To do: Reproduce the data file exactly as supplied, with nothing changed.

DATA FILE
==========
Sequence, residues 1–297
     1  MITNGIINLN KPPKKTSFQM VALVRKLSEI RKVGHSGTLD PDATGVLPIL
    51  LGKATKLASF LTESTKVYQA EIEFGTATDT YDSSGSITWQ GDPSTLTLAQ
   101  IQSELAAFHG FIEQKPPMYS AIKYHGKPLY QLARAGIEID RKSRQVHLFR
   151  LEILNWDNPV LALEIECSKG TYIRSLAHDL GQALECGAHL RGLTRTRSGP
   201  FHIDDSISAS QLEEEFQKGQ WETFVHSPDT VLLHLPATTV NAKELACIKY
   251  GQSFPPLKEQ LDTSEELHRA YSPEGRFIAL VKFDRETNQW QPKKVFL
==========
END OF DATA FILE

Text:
Sequence, residues 1–297
     1  MITNGIINLN KPPKKTSFQM VALVRKLSEI RKVGHSGTLD PDATGVLPIL
    51  LGKATKLASF LTESTKVYQA EIEFGTATDT YDSSGSITWQ GDPSTLTLAQ
   101  IQSELAAFHG FIEQKPPMYS AIKYHGKPLY QLARAGIEID RKSRQVHLFR
   151  LEILNWDNPV LALEIECSKG TYIRSLAHDL GQALECGAHL RGLTRTRSGP
   201  FHIDDSISAS QLEEEFQKGQ WETFVHSPDT VLLHLPATTV NAKELACIKY
   251  GQSFPPLKEQ LDTSEELHRA YSPEGRFIAL VKFDRETNQW QPKKVFL